One of the most simple ones on the list is masks. The question of whether or not students will be required to wear them is one that Silvernell says is as political as ever.

“I think it’s a relevant issue for any community in the United States at this moment,” he said, “regardless of which side you fall on.”

Hoping for hands-on

Not having coronavirus guidelines means teachers can’t plan as much, and students don’t know as much. Dexter said that some faculties have planned to the best of their ability, assuming that coronavirus precautions may continue.

While they would all likely love to be wrong, being wrong means having to change a lot of plans.

While that’s undeniable for anything from English class to the football team, it also affects the other side of BOCES, which operates Career and Technical Education (CTE) programs that have taken a hit of their own.

Those programs, designed to guide students toward trade-based career paths such as welding and construction, live and die by in-person, hands-on education, but are beholden to the same rules as a regular classroom.

“So if a student is a virtual student in their home district, they’re also a virtual student (in a CTE program),” Dexter said. “And so we have to offer the same kinds of things.”

Figuring out remote and hybrid solutions was difficult last year, especially when some programs require students to be trained on specific machinery.

“I’m not sure you can be technically certified to drive a bulldozer if you’ve never actually been on one.”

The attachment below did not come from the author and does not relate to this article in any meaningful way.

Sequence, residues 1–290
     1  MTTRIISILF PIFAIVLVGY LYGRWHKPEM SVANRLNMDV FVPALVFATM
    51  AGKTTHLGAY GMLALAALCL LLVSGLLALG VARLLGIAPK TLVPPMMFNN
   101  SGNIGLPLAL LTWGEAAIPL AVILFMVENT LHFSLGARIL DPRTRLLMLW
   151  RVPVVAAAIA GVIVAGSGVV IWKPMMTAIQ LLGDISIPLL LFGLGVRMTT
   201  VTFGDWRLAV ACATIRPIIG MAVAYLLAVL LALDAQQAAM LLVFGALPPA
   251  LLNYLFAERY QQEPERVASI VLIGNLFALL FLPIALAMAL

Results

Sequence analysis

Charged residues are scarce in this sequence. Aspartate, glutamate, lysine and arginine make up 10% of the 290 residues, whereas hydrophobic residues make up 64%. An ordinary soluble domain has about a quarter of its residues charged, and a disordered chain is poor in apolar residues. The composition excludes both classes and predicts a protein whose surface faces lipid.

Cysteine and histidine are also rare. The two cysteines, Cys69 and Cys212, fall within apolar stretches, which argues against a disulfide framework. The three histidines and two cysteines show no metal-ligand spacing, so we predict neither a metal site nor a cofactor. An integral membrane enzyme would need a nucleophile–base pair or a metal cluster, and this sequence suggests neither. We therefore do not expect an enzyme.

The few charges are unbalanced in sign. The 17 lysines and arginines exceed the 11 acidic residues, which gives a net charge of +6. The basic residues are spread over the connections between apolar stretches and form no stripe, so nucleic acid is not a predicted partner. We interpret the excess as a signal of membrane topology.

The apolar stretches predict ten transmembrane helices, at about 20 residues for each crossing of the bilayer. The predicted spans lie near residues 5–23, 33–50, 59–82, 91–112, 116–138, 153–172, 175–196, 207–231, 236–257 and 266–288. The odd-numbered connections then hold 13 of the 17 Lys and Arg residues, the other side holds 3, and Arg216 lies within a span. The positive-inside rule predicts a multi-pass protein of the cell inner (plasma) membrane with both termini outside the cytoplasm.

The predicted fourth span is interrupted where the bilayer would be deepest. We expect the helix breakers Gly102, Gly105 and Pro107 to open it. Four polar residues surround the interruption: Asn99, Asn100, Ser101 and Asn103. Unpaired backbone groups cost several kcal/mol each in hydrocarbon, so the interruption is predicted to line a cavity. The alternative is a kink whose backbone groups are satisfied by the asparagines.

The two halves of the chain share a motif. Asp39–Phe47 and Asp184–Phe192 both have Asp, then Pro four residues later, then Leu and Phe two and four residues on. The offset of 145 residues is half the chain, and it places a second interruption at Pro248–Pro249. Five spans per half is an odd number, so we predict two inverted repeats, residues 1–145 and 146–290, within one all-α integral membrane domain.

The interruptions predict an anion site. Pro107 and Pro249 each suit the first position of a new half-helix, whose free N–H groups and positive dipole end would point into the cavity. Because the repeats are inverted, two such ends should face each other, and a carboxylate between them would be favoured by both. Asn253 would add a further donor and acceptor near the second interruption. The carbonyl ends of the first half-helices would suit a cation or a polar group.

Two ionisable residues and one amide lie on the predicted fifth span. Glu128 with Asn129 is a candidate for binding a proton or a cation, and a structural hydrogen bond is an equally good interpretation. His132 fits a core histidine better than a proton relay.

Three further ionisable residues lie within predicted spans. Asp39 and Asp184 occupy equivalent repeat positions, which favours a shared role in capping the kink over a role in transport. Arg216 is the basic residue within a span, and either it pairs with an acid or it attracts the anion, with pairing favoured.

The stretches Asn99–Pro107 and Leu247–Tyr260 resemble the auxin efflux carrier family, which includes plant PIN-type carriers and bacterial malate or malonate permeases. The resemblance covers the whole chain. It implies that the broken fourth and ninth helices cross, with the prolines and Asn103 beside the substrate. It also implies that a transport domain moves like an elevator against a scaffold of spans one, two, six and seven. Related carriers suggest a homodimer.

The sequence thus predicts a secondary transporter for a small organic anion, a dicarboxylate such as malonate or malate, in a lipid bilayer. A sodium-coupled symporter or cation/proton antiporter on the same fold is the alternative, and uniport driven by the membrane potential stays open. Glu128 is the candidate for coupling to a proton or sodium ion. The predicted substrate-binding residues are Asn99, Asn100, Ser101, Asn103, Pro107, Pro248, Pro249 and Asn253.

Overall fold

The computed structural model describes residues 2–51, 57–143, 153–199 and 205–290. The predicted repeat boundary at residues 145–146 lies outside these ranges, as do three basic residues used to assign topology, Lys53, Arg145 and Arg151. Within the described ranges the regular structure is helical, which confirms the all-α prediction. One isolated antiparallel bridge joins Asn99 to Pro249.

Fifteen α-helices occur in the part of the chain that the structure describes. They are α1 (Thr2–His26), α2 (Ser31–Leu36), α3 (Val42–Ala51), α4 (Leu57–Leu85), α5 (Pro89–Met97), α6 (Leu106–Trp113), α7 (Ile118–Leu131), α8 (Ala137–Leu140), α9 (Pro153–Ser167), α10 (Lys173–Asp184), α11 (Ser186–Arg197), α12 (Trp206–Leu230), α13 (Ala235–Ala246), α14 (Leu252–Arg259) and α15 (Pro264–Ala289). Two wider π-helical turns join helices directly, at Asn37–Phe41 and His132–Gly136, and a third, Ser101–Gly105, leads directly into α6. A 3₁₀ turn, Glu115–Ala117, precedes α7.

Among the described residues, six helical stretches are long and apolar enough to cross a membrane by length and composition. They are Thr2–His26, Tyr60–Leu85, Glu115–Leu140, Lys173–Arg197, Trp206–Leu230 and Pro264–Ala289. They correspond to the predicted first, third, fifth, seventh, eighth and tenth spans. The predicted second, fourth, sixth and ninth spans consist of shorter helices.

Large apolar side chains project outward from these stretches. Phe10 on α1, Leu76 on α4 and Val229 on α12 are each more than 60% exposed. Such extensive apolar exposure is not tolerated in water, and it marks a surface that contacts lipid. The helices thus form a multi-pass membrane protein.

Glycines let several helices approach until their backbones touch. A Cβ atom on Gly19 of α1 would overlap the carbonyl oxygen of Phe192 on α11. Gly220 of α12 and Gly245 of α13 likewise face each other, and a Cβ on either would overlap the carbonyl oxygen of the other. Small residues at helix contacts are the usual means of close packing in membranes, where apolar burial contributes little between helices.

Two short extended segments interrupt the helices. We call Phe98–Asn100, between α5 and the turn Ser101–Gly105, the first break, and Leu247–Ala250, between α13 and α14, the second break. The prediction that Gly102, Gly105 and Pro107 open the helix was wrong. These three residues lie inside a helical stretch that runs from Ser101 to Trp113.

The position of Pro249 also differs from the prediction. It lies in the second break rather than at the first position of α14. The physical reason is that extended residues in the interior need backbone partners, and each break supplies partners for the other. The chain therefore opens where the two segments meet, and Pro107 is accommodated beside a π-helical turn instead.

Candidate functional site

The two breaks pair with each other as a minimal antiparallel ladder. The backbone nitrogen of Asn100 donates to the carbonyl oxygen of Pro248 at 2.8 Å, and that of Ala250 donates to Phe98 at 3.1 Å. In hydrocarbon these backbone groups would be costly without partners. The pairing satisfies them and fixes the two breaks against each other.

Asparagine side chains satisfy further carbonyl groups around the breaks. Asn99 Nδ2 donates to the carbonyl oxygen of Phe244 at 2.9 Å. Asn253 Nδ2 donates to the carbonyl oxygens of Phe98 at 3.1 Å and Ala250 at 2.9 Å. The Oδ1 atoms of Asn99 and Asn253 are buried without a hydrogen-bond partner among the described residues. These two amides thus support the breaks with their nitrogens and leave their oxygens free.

The good news is, Dexter doesn’t think those programs will have to be cut if coronavirus creates difficulty. After all, they didn’t last year, either.

In the 2020-21 school year, some remote CTE learners were sent remote kits for programs like cooking. Every program was rebuilt outside the box.

Waiting for the word

For right now, the best the 31 BOCES schools have to go off of is summer school guidance, which explicitly states there isn’t a guarantee of anything carrying over to fall.

Meanwhile – as the BOCES letter points out – neighboring New Jersey and Massachusetts are both among the states that have laid out guidance for schools by now.

Both states are moving back to fully in-person instruction for 2021-22, announced in June and May, respectively.

Dexter said he doesn’t want to invoke those states due to their choices one way or another, but rather to point out that it’s time for New York to lay its own rules out for the year.

“Every state is unique,” Dexter said, “so we weren’t trying to say we should be like one of those states. We were just saying those states have guidance, and we would like to have guidance.”

At the end of the day, Dexter and individual districts alike all know that communicating what the rules are to families will take some time. They need to make sure they have enough of it.

“That’s why timing is becoming an issue,” said Silvernell, of Cambridge’s plans. “If we can’t communicate our plans out to the public, to let them digest and understand what we’re trying to do, that’s all going to pop up right as we try to open schools.”